Severe knee pain can be debilitating and disruptive to your everyday life. If therapy and medications have been unsuccessful in treating your knee pain, total knee replacement surgery may be your best option.
Total knee replacement surgery, or knee arthroplasty, is the process of resurfacing the knee using plastic or metal pieces. This surgery aims to relieve knee pain by providing better support for damaged sections of the knee joint.
Total knee replacement may sound scary, but this surgery is routine and safe. In fact, surgeons performed more than 754,000 knee replacements in the U.S. during 2017, and this number continues to rise each year.
Knowing more about the total knee replacement process may help you feel more comfortable going into this surgery. Read on to learn everything you need to know about knee arthroplasty surgery.
The knee is the hinge joint that connects the upper and lower leg, allowing the leg to bend while you walk, run, sit, and lie down. Knees are the largest joints in the body, and maintaining a healthy, pain-free knee is essential to carrying out most day-to-day activities.
Healthy knees consist of three bones: the end of the femur, the end of the tibia, and the kneecap (patella). Each of these bones utilizes articular cartilage to protect its surfaces and create smooth movement within the joint. When atrophy or injury disrupts any of these surfaces, total knee replacement may become necessary.
Total knee replacement, or knee arthroplasty, consists of a surgical procedure that resurfaces the knee joint, relieving pain and repairing damaged surfaces. During this procedure, surgeons use artificial metal or plastic parts to cap the ends of the bones forming the knee joint and the kneecap.
The goal of total knee replacement surgery is to improve knee function, relieve pain, and uphold the quality of life for the patient.
The most common reasons to undergo knee replacement surgery are to relieve pain from osteoarthritis and reconstruct damaged bones resulting from severe injury.
Several forms of arthritis can lead to knee injury, including:
Total knee replacement may also become necessary after severe fractures, torn cartilage, or torn ligaments resulting from accidents or other injuries.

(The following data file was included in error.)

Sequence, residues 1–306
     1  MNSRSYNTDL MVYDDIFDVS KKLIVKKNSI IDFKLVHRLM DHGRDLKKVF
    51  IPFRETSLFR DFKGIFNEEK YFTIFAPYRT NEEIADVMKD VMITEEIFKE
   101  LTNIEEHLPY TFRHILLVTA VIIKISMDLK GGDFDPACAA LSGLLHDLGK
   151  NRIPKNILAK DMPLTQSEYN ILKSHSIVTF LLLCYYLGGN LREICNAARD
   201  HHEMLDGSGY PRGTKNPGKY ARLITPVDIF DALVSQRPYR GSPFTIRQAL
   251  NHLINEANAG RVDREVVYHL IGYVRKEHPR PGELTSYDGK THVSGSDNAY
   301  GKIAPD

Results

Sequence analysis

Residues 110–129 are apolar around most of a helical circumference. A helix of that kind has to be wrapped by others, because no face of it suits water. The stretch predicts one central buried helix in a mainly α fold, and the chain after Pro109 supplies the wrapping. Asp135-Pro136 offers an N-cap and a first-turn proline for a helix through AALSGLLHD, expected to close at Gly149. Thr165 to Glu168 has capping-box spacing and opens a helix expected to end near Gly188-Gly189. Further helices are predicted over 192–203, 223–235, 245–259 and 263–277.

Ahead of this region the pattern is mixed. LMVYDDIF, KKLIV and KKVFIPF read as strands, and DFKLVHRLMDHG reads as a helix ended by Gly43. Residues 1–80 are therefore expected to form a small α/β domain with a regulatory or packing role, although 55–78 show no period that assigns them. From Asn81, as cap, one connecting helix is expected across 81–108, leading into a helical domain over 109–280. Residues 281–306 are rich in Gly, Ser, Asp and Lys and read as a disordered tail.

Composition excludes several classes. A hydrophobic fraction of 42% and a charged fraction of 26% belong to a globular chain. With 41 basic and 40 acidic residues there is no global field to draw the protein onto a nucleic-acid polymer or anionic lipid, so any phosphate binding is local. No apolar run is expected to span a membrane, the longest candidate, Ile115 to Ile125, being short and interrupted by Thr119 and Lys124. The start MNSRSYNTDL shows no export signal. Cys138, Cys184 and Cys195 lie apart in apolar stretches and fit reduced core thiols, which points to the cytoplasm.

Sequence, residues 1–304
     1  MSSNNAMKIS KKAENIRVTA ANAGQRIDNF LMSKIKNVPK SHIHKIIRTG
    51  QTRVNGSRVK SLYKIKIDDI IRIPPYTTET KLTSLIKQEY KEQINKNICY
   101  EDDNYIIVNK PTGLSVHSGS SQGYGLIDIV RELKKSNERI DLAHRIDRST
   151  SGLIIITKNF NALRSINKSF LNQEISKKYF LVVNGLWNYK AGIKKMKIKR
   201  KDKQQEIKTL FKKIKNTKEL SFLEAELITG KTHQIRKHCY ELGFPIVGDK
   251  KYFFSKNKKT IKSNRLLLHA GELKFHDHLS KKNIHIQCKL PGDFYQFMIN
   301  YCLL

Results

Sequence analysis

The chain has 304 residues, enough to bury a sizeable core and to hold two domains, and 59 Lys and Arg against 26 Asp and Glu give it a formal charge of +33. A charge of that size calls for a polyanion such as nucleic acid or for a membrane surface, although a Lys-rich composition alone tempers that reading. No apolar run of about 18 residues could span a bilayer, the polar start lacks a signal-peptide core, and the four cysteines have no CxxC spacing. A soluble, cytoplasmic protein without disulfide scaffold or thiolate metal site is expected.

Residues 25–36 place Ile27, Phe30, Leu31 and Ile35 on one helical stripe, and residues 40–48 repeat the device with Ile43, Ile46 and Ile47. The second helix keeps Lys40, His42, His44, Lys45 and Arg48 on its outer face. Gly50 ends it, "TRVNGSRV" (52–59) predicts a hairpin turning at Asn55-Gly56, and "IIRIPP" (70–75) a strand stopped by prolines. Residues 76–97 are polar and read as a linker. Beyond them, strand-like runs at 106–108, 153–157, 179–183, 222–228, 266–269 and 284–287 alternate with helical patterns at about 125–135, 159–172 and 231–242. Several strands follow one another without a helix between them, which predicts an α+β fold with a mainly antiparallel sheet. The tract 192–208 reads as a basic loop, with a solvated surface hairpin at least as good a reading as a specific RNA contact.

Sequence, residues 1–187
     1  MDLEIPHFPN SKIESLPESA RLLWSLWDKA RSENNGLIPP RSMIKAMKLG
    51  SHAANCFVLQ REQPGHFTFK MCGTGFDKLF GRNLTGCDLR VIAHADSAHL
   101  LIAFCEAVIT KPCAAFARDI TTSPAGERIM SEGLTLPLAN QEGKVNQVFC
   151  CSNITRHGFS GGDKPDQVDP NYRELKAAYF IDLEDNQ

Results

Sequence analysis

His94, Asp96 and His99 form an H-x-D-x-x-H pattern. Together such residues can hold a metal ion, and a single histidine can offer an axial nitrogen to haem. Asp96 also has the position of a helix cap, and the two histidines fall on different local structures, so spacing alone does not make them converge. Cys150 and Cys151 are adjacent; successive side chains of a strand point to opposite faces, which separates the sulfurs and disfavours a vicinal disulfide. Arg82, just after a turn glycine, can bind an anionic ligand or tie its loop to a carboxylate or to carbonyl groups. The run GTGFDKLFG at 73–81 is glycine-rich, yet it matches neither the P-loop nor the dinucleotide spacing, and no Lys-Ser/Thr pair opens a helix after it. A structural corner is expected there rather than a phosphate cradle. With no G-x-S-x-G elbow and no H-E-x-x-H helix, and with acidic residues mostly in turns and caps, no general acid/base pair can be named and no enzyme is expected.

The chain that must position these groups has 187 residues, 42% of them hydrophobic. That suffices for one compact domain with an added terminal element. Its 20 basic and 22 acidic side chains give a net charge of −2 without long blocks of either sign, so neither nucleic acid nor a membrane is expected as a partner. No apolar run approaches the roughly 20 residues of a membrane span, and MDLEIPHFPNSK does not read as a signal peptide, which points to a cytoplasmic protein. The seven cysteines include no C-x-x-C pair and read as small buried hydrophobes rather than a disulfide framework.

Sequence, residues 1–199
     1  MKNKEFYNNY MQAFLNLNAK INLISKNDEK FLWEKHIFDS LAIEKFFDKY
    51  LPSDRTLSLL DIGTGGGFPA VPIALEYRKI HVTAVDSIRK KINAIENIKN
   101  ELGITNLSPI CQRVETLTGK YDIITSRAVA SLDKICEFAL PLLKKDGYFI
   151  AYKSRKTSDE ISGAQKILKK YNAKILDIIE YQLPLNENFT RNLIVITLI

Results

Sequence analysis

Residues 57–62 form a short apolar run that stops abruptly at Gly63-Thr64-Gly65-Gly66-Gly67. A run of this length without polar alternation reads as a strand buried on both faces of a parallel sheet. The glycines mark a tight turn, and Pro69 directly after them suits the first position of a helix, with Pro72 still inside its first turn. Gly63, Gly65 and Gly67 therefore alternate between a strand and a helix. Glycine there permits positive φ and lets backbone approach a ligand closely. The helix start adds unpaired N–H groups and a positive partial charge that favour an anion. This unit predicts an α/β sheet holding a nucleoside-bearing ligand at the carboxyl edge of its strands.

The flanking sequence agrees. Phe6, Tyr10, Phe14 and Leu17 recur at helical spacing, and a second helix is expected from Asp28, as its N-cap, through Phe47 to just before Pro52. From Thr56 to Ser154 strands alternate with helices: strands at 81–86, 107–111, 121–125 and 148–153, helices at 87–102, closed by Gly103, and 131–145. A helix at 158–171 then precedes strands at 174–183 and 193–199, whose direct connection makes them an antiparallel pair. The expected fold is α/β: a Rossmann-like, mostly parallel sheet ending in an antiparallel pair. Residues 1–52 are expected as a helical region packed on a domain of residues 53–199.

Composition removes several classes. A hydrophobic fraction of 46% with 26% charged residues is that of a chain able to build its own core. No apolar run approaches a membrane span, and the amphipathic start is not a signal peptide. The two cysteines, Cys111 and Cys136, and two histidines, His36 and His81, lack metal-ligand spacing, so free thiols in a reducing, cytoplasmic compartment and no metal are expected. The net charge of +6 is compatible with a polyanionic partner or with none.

Before recommending total knee replacement, doctors often try other medical treatments, such as medications, physical therapy, weight loss, and assistive devices, Additionally, because the knee replacement parts can wear down over time, many surgeons recommend postponing total replacement surgery as long as possible.
You and your doctor will decide together the best time to schedule your total knee replacement surgery. In the weeks before your surgery, you will need to sign a few consent forms, disclose your medical history and allergies to your doctor, and request time off work for your recovery.
You may also schedule a meeting with a physical therapist before the knee replacement surgery to discuss your rehabilitation and recovery schedule.
On the day of your surgery, you should plan to fast for at least eight hours before your scheduled surgery time to ensure you do not have any adverse reactions to the anesthesia.
Once you arrive at the operating facility, a nurse will insert an IV into your arm or hand so that the anesthesiologist can administer anesthesia, which means you will not be awake during the surgery. While you are asleep, the surgeon will make an incision in the knee area, remove any damaged surfaces, and resurface the knee with plastic or metal parts. After resurfacing the knee, the surgeon will close the incision with stitches or surgical staples.
After your surgery, a nurse will take you to a recovery room to monitor your vitals as you wake up from the anesthesia. You will probably need to stay in the hospital for a few days, during which time a physical therapist will help you develop an exercise program and nurses will monitor your recovery and help manage your pain.
Once you return home, you will need to take it easy for several weeks, keep the surgery site clean, and watch for signs of infection. Complete recovery may take several months, but you will be able to return to your daily activities after about a month.
Total knee replacement may sound intimidating, but it may be a necessary step to help you return to your everyday life and begin completing the activities you love once again. If you are unsure whether total knee replacement is right for you, we recommend talking to Dr. Juan F. Agudelo at Orthopedic Center of Palm Beach County. Dr. Agudelo sees patients at three locations:
At Orthopedic Center of Palm Beach County, we offer several areas of knee surgery expertise, including:
Contact us today at 561-967-6500 to schedule a total knee replacement consultation with Dr. Juan F. Agudelo.